The Southern Flank D+8 (17 July, 1987)


The tug of war over control of the Southern Group of Forces (SGF) continued into D+8. On one side, Western TVD wanted the bulk of the four Soviet divisions and attached air army based in Hungary to be committed to the Central Front without delay. The battle in Germany hung in the balance and the addition of four additional Soviet divisions to the effort could wind up being enough to tip the scales in the Warsaw Pact’s favor. On the other side of the coin, Southwestern TVD was determined to keep SGF in place to act as a theater reserve. Potentially for use in an invasion of Austria, or to intervene in Yugoslavia to bolster the central government. The TVD commanders were demanding a final decision from the defense minister who appeared content to continue prevaricating on the subject.

As Yazov dithered, the Yugoslavian state continued its march towards dissolution and civil war. The socialist republics of Croatia and Slovenia, already on the verge of secession, were stepping closer to announcing their breakaway from the central government in Belgrade. Backchannel talks between officials of the fledgling Balkan socialist republics and NATO officials were starting to make progress, spurred forward partly by recent NATO successes on the battlefield. It remained to be seen if the talks were going to go anywhere. However, the simple fact that discussions were underway spoke volumes about the present situation in the Balkans.

Croats and Slovenians were not the only people NATO was holding clandestine discussions with on the Southern Flank. The Libyan delegation that arrived in Sicily on the evening of D+7 spent the morning and afternoon in talks with a group of high-ranking NATO civilian officials, and military officers. Foreign Minister Kamel Maghur led the Libyan delegation. He informed the NATO officials that he was speaking on behalf of Colonel Gaddafi. In short, Libya wanted out of the war on favorable terms. Gaddafi was requesting a temporary ceasefire that would eventually pave the way to a more formal Libyan declaration of neutrality, expulsion of Soviet forces from Libyan territory, and an immediate exit from the war in exchange for security and economic incentives. As a sign of Gaddafi’s good faith, Maghur went on to explain, Libyan troops were placing Soviet military personnel presently based in Libya into ‘protective custody’ pending the outcome of the negotiations. Libyan air and naval forces were also standing down for the time being, and Gaddafi hoped NATO would suspend hostilities against Libyan territory in response.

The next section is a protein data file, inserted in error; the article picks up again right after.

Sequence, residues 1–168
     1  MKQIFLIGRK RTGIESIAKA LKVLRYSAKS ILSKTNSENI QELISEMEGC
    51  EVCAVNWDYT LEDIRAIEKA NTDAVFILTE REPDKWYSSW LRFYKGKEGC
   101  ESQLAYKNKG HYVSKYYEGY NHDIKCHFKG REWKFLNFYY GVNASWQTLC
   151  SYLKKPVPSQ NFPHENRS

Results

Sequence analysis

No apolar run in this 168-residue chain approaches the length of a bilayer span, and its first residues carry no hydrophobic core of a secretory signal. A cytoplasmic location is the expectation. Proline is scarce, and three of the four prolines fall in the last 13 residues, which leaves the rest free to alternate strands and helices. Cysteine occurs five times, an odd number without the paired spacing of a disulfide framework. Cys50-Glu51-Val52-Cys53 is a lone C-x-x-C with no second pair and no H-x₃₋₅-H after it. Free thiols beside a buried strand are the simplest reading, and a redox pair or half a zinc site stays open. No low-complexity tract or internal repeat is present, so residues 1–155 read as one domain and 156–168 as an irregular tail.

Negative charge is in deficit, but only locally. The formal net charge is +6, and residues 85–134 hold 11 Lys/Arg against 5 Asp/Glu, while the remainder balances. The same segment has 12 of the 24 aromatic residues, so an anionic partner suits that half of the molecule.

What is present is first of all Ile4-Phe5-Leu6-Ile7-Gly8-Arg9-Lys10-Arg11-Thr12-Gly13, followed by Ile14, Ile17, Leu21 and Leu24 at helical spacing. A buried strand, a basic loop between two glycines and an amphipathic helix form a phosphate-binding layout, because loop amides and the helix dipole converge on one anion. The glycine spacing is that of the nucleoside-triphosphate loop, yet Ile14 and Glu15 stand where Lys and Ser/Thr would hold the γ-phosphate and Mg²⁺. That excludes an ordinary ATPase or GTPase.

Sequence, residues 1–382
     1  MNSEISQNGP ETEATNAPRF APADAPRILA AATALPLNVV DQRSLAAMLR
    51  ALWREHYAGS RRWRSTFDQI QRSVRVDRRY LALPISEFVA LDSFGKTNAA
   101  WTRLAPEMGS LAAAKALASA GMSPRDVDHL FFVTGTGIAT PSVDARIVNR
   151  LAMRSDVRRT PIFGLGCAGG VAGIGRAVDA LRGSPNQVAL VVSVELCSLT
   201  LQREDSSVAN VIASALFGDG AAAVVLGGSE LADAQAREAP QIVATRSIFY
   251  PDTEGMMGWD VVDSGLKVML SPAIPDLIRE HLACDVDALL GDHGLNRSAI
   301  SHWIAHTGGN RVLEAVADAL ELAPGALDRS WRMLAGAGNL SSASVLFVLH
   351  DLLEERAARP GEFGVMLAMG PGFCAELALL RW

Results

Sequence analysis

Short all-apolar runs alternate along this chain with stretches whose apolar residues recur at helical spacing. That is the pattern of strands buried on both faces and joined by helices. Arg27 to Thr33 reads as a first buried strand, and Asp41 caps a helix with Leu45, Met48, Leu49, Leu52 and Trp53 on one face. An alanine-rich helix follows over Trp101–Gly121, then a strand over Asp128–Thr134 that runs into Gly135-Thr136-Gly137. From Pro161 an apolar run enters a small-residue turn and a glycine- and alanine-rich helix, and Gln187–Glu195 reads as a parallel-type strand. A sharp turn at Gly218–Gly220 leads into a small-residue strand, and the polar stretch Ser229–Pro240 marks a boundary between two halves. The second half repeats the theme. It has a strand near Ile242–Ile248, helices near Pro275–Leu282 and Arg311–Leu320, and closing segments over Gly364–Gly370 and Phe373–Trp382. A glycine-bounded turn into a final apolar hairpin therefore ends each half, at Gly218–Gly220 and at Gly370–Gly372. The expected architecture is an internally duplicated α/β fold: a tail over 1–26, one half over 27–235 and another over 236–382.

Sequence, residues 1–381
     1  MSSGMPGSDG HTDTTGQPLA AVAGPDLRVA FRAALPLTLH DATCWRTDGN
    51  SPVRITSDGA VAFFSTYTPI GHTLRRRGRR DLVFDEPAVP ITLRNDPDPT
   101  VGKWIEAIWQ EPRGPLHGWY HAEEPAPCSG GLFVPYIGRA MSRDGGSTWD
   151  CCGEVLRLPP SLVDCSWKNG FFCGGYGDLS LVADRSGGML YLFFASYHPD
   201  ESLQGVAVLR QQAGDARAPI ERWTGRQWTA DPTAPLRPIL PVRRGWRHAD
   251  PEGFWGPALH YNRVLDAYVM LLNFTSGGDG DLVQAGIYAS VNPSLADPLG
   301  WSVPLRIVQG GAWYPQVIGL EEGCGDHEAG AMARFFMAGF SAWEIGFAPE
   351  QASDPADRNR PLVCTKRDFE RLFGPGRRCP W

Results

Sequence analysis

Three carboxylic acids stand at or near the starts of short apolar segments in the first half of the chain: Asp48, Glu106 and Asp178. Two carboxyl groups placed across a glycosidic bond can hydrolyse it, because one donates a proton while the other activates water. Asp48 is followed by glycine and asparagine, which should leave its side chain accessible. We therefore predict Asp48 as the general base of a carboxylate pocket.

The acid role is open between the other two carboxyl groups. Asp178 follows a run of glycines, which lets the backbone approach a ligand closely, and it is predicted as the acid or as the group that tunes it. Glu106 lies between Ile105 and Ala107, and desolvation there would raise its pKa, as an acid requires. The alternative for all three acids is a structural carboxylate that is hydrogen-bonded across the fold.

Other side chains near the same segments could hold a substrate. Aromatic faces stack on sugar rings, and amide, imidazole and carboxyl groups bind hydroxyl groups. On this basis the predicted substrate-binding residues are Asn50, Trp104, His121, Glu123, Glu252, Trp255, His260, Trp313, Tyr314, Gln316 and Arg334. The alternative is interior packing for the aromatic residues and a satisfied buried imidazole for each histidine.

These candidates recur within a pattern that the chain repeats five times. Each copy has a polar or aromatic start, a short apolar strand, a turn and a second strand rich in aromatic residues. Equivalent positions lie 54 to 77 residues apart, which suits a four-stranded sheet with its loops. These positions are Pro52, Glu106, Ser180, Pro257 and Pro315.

Politics aside, D+8 was a quiet day across the theater. Soviet preparations opposite the eastern Turkish frontier were concluded to be a feint by NATO. Intelligence estimates were divided concerning where the next Warsaw Pact blow would fall. The Dardanelles, and Thrace seemed to be the most probable choices.

Soviet efforts to find the USS Saratoga continued, though without success.  The Soviets suspected the US aircraft carrier was presently moving east towards Cyprus to begin an effort against Soviet forces in Syria. The estimate was wrong. Saratoga was actually moving southeast from the waters around Crete to take up station in close to the Egyptian coastline. With the Kennedy now moving towards the Med, COMSIXTHFLEET wanted to keep Sara hidden and protected for the time being. Once he had two carriers available, the US admiral planned on taking the war directly to the Soviets on his own terms.

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